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Dealing with Aches and Pains – Are You a Ferrari or a Pick-up Truck?

If you train for a sport you’re sure at some point to encounter aches and pains in muscles and joints that can be a little uncomfortable.  What do they mean?  Are they serious?  Can you train through them or are you likely to cause serious damage?  

As athletes, we all deal with these aches and pains differently.  Some athletes are very sensitive to them and will cut back on their training at the first sign of discomfort.  Others have a relatively high threshold for dealing with this kind of discomfort and have no problem training through it.  The question is, what is the correct approach?

Are you a Ferrari or a pick-up truck?

I raced C2 (double canoe) at the world championships in 1991, 1993 and 1994 as well as the 1992 Olympics.  I had a very good partner but we were completely different athletes.  In most cases, those differences had little effect on our race performance and for the four years we raced together we were often among the top four in the world.  

When I reflect back on those four years, however, I wonder if we could have been even better if we were more similar as athletes.  My partner was a very good sprinter with an excellent feel for the water.  He was really good in the front of a C2.  He was, however, one of those finely tuned athletes that, when he was on, was very, very good, but when he was off – sore, achy or just not feeling it – saw a huge drop in his performance.  I liken him to a Ferrari.  Capable of extremely high performance but very finely tuned and somewhat delicate, often too sore, achy or tired to do the training properly.  In contrast, I was a pick-up truck.  Far more consistent, dependable and reliable in training and racing and capable of handling higher training loads, occasionally to my own detriment.  There were certainly times I trained when, for one reason or another, I should have taken time off.  I wasn’t always the best at listening to my body.  This may have negatively impacted the quality of some of the C2 training and racing we did. 

In my experience coaching, I have dealt with both types of athletes.  Most athletes lean in one direction or the other.  So, which is better?  Let’s look at the pros and cons of both.

Ferraris

Pros:  

  • Less likely to develop serious injury or suffer from over-training syndrome
  • Less likely to have technique impacted by aches, pains or fatigue, therefore less likely to paddle poorly in training and imprint inferior movement patterns on their central nervous system
  • If given a chance to listen to their body and not forced to train when not ready, are almost always ready to race well when it matters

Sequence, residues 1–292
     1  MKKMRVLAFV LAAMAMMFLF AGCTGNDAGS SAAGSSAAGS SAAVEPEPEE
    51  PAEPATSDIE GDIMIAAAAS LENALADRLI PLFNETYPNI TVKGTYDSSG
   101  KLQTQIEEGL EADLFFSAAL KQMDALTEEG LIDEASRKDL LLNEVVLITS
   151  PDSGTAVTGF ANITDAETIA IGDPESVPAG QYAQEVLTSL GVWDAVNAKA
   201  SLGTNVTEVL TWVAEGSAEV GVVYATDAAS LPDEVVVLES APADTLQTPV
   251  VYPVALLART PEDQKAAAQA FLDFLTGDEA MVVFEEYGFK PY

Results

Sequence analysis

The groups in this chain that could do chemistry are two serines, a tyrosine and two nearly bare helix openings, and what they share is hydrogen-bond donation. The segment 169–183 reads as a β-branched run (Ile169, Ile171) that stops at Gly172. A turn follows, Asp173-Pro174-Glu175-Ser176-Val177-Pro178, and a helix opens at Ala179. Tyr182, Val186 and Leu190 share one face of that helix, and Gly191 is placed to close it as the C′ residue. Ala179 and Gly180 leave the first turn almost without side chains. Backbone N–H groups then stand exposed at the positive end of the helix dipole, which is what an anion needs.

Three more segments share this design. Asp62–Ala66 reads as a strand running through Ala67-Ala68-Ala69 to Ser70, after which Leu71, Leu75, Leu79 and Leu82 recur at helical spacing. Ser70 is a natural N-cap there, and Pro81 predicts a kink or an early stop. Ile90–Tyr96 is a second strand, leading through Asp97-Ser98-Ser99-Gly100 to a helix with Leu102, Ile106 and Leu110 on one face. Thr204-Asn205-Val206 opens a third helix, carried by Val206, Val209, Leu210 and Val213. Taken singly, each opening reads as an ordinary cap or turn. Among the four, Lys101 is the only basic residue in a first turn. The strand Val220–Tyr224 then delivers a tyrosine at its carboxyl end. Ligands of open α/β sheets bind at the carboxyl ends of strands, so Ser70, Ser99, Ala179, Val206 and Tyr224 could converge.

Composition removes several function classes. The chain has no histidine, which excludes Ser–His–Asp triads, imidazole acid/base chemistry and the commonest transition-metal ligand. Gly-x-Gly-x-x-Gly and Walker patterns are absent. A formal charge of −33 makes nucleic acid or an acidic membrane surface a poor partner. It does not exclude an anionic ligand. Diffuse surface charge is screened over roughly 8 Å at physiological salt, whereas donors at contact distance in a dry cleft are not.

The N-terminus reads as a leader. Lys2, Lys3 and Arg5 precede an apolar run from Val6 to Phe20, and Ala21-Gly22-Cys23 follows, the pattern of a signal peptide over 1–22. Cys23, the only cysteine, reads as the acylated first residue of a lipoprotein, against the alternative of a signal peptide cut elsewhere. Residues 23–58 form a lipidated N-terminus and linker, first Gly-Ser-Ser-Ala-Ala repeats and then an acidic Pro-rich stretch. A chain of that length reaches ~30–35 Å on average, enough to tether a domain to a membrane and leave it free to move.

Cons:

  • Generally lower threshold for work in training; inability to train through aches and pains leads to missed workouts and less consistent training
  • Lack of consistency in training limits their performance ceiling
  • Unlikely to be able to race well if they don’t feel “perfect” on race day

Pick-up trucks

Pros:  

  • Generally high threshold for work in training; ability to train through aches and pains allows for more consistent and harder training and thus higher performance ceiling
  • Ability to train through aches and pains means that, should they feel off, sore or achy on race day, they are more likely to still be able to perform at a high level

Cons:

  • Lack of ability or unwillingness to listen to their body can lead to aches and pains developing into a more serious injury
  • More likely to experience over-training syndrome or central nervous system fatigue
  • Increased possibility that performance ceiling can be negatively impacted in a given competition by more serious aches, pains or fatigue

Clearly, there are advantages and disadvantages to being either a Ferrari or a pick-up truck.  I think it’s clear that the best type of athlete you can be is a hybrid of both, able to maximize the pros of each while minimizing the cons.  So, what can you do in your approach to dealing with the inevitable aches and pains associated with training to ensure than you’re that hybrid?

Know your body

This first step in navigating the inevitable aches and pains associated with training is to really get to know your body.  Try to assess how you feel each day and how the training you do impacts that feeling.  Understand how the rest you get between sessions impacts your recovery and, ultimately, how your body feels.  Experiment with recovery strategies like heat, ice, hydrotherapy, contrast baths, massage, rolling and stretching.  Learn what helps you recover most quickly and effectively and incorporate it into your routine.  Learn about sports nutrition and, specifically, what foods you respond to best.  Nutrition not only fuels your activity but your recovery.  If you’re going to minimize your aches and pains, you really need to have your nutrition dialed in.  Finally, get enough quality sleep.  Learn what sleep pattern best supports your training and recovery, and try to consistently get that sleep.